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      1. Ghetto birds can be an annoyance in the Los Angeles region, especially since I sleep on the roof while I am there.
        It seems to me that false Solomon’s seal is difficult to move, at least in the wild. It is so deep down. It is difficult to locate while dormant (when it gets moved). It grows in odd places, and I do not even try to move it. I just pull the foliage up until it dies.

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      2. Cornwall isn’t famous for ghettoes, thankfully, so ghetto birds are rare migrants. Oddly enough, there was one flying around yesterday evening.
        I have three forms of false Solomon’s seal, the best of which is a form called ‘Emily Moody’. Dan Hinkley suggests the western (tetraploid) form is much showier than the eastern version so I assume all three are western forms. I moved one of them some years back, it took a while to recover but I don’t recall it being too arduous a task. Funny how other peoples wild flowers always seem more desirable than your own.

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      3. The depth is likely a response to the arid climate. It may not go any lower than necessary, so if it gets water through summer, it could be shallower. Many perennials here are very deep.

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  4. Wonderful video! The birdsong is the perfect background music for it, and the captions great. Your garden Is an inspiration. I love the meandering paths, diversity, and the lack of lawn. I’m slowly but surely removing all of the lawn in mine while putting in a few more paths. Only problem is my garden is too small to hold all the plants I’d like it to!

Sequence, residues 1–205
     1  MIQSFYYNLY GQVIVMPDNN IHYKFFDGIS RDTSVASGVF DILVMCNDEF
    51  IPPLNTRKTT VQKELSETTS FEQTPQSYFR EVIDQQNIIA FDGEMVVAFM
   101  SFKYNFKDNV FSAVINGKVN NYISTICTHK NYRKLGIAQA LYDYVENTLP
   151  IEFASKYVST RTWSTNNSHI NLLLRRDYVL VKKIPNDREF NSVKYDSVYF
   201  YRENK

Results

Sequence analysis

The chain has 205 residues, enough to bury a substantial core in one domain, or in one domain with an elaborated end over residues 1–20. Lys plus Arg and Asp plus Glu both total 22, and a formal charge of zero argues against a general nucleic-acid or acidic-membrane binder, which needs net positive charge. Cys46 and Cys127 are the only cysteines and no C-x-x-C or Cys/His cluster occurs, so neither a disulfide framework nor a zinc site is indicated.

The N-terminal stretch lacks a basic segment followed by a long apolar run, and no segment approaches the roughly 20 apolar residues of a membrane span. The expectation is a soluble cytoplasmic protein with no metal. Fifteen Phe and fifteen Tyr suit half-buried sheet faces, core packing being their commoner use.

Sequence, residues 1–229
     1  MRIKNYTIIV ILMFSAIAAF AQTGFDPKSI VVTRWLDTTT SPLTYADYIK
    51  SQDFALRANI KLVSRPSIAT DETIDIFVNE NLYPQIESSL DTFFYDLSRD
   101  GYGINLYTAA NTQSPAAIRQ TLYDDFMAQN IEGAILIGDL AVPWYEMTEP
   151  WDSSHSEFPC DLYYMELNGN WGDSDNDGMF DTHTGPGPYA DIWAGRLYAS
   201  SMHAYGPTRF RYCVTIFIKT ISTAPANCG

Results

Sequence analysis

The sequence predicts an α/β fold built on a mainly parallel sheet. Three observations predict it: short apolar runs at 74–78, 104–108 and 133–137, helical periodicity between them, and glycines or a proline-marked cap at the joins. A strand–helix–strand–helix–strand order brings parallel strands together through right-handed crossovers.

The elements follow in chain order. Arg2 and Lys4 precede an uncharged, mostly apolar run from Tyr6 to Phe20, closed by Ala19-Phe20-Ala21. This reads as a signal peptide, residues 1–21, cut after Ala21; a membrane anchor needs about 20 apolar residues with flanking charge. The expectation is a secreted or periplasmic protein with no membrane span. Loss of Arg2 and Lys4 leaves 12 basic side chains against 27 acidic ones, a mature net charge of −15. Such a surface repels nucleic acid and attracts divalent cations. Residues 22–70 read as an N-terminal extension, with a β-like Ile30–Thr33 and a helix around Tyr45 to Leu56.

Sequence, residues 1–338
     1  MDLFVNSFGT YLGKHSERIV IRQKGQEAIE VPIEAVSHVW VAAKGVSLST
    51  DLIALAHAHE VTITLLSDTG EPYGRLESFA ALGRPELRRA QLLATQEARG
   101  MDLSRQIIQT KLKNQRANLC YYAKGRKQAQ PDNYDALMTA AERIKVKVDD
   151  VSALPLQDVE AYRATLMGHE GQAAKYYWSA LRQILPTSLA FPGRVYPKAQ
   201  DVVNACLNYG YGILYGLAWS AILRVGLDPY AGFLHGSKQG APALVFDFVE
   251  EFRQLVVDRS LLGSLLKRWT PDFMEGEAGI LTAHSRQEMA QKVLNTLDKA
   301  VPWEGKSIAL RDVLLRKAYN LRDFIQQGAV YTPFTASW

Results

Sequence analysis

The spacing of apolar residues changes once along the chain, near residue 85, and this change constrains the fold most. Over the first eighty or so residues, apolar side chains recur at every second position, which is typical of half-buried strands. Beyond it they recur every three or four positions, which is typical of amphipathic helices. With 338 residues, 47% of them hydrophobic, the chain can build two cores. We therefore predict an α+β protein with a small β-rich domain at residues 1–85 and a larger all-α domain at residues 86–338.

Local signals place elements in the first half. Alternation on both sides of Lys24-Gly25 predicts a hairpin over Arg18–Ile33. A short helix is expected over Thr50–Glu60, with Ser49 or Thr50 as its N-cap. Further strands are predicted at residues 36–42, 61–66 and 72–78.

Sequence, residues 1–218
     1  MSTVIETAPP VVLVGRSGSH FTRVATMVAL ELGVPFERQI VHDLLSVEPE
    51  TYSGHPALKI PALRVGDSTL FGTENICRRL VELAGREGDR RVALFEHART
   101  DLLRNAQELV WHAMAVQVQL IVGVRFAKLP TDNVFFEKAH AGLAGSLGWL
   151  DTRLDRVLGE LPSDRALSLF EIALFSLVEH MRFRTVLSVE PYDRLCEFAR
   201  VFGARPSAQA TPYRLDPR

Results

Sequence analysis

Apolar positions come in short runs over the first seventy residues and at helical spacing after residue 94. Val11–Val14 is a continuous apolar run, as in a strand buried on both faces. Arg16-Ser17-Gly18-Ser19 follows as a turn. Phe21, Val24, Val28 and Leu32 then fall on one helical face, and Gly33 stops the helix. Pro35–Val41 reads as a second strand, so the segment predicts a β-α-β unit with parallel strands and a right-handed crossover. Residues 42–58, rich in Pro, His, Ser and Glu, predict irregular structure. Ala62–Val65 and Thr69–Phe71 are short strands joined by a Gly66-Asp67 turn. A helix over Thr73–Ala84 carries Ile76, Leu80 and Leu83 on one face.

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    1. Thank you. Too small a garden is a familiar problem, though I’m about at the age when realistically it’s about the right size and dreading the looming prospect of it becoming too much to cope with.

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      1. I can relate to that! Although I wish for a bigger garden, I know it’s just not practical. Luckily it’s on a gentle slope, not steep, which is a decided advantage as we age. We are trying to create a garden that we can hopefully manage well into our eighties. The garden is our oasis. We might just have to rethink the vegetable beds and make them a lot higher..

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      2. Sometimes I worry about how I’m going to cope when I get older but I think I could be quite philosophical about watching it all spiral out of control and back to nature. I’d keep a bit of Roundup to hand to keep really weedy things down a bit but otherwise let it go.

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      3. Ditto! My other inspiration garden jus around the corner went a little ‘wild’ as it got too much for the two owners to manage anymore. But then again it was about 2-3 times the size of ours. He was 86 when they sold up and moved to a retirement village in Maroochydore. I’d like to think that this garden will look fabulous as a ‘wild’ garden. A huge consolation is that there are older folks, some in their 90’s, up here who cope, and just get in a garden service to do the basic tidy up.